FIG. 37 is an exploded perspective view of the end member 430;

FIG. 38 is a sectional view in the shaft line direction of a bearing member 440;

FIG. 39A is a perspective view of a rotating shaft 451, and FIG. 39B is a sectional view in the shaft line direction of the rotating shaft 451;

FIG. 40 is a perspective view of a tip end member 455;

FIG. 41 is a sectional view in the shaft line direction of the end member 430;

FIG. 42A is an end surface view orthogonal to the shaft line direction of the end member 430, and FIG. 42B is a diagram illustrating a relationship between the rotating shaft 451 and a projection 456;

FIG. 43 is a sectional view in the shaft line direction of the end member 430;

FIG. 44 is an exploded perspective view of an end member 530;

FIG. 45 is an exploded sectional view of the end member 530;

FIG. 46 is a sectional view of the end member 530;

FIG. 47 is an exploded perspective view of an end member 530';

FIG. 48 is a perspective view of a tip end member 555';

FIG. 49 is a sectional view along a shaft line of the end member 530';

FIG. 50 is another sectional view along the shaft line of the end member 530';

FIG. 51 is an exploded perspective view of an end member 530'';

FIG. 52 is an exploded sectional view of the end member 530'';

FIG. 53 is a sectional view of the end member 530''; and

FIG. 54 is a perspective view illustrating an example in which the end member 30 is employed in a developing roller unit.

DETAILED DESCRIPTION OF THE EXEMPLARY EMBODIMENTS

Hereinafter, the present invention will be described based on aspects illustrated in the drawings. However, the present invention is not limited to the aspects.

FIG. 1 is a diagram illustrating a first aspect, and is a perspective view schematically illustrating an image forming apparatus 1 including a process cartridge 3 and an image forming apparatus body 2 (hereinafter, there is a case of being described as "apparatus body 2") which mounts and uses the process cartridge 3. The process cartridge 3 can be mounted on and disengaged from the apparatus body 2 by moving in the direction illustrated by I in FIG. 1. In addition, the direction illustrated by I is different from the shaft line direction of a driving shaft 70 (refer to FIG. 15) provided in the apparatus body 2.

In FIG. 2, a structure of the process cartridge 3 is schematically illustrated. As can be ascertained from FIG. 2, the process cartridge 3 includes a photosensitive chum unit 10 (refer to FIG. 3) on the inner side of a housing 3a, a charging roller unit 4, a developing roller unit 5, a regulating member 6, and a cleaning blade 7. In a posture in which the process cartridge 3 is mounted on the apparatus body 2, as a recording medium, such as a paper sheet, moves along line illustrated by II in FIG. 2, an image is transferred to the recording medium.

In addition, the attachment and detachment of the process cartridge 3 to and from the apparatus body 2 is generally performed as follows. As the photosensitive drum unit 10 provided in the process cartridge 3 receives a rotation driving force from the apparatus body 2, and rotates, a state where the driving shaft 70 (refer to FIG. 15A) of the apparatus body 2 and an end member 30 (refer to FIG. 4) of the photosensitive drum unit 10 are engaged with each other at least during the operation, and the rotating force can be transmitted, is achieved (refer to FIG. 16A).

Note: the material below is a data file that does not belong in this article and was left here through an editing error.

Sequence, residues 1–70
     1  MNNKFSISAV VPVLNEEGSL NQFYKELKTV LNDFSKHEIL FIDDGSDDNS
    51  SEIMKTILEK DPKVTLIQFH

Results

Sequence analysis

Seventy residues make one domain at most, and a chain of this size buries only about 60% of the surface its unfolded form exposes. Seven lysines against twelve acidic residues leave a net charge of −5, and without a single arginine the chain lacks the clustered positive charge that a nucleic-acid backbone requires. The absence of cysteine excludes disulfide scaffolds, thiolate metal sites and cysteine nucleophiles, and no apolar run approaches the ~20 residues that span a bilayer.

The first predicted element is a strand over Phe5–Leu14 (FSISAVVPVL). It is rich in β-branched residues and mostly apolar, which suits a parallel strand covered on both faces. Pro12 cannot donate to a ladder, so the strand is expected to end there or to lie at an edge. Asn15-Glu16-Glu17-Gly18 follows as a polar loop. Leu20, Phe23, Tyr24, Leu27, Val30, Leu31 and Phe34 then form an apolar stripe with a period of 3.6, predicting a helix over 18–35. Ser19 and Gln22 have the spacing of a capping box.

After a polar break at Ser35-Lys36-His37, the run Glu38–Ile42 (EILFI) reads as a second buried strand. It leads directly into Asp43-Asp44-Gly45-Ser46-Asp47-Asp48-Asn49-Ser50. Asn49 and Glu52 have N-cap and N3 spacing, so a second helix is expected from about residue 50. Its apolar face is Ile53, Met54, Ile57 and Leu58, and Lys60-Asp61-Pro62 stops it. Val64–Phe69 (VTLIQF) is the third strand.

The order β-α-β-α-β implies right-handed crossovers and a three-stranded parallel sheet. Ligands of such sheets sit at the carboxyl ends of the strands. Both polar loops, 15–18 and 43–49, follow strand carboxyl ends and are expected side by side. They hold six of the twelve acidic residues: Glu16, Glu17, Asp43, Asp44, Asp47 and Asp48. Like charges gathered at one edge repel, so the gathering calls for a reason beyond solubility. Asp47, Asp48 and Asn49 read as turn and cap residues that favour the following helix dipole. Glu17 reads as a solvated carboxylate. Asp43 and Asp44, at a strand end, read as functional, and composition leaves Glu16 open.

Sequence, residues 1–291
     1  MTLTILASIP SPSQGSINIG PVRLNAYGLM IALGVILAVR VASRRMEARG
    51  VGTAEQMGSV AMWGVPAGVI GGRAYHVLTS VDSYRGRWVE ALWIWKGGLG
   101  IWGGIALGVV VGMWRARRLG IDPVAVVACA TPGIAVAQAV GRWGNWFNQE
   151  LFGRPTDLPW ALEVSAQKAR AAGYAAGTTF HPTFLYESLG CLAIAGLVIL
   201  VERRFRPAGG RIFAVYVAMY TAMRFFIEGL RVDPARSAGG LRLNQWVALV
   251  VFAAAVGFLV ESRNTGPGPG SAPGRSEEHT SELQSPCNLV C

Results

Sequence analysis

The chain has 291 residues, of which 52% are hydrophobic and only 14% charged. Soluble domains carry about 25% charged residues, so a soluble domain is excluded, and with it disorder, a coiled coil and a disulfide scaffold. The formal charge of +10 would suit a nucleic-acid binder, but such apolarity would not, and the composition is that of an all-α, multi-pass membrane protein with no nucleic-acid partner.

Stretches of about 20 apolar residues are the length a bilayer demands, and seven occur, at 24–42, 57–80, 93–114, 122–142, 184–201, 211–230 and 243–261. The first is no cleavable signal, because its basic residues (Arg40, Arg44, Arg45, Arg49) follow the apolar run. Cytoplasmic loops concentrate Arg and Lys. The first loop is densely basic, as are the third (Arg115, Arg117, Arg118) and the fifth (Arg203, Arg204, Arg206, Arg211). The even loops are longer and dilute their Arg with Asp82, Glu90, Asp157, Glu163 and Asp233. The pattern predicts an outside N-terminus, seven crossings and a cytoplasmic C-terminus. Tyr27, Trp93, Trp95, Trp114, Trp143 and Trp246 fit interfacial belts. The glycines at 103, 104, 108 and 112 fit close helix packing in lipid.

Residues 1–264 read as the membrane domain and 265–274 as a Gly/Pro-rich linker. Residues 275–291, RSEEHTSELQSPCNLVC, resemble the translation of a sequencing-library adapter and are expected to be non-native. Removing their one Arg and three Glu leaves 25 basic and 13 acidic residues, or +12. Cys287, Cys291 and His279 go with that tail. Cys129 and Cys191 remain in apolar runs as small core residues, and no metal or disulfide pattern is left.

Meanwhile, when attaching and detaching the process cartridge 3 to and from the apparatus body 2, it is necessary that the driving shaft 70 and the end member 30 are promptly engaged and disengaged not to interrupt the movement each other regardless of the posture.

In this manner, the end member 30 of the photosensitive drum unit 10 is appropriately engaged with the driving shaft 70 of the apparatus body 2, and the rotation driving force is transmitted.

Hereinafter, each configuration will be described.

In the process cartridge 3, as can be ascertained from FIG. 2, the charging roller unit 4, the developing roller unit 5, the regulating member 6, the cleaning blade 7, and the photosensitive drum unit 10 are provided, and these members are included inside the housing 3a. Each of these is explained as follows.

The charging roller unit 4 charges a photosensitive drum 11 of the photosensitive drum unit 10 by applying voltage from the apparatus body 2. The charging is performed as the charging roller unit 4 rotates following the photosensitive drum 11, and comes into contact with an outer circumferential surface of the photosensitive drum 11.

The developing roller unit 5 is a roller which supplies a developer to the photosensitive drum 11. In addition, an electrostatic latent image formed on the photosensitive drum 11 is developed by the developing roller unit 5. In addition, in the developing roller unit 5, a fixed magnet is embedded.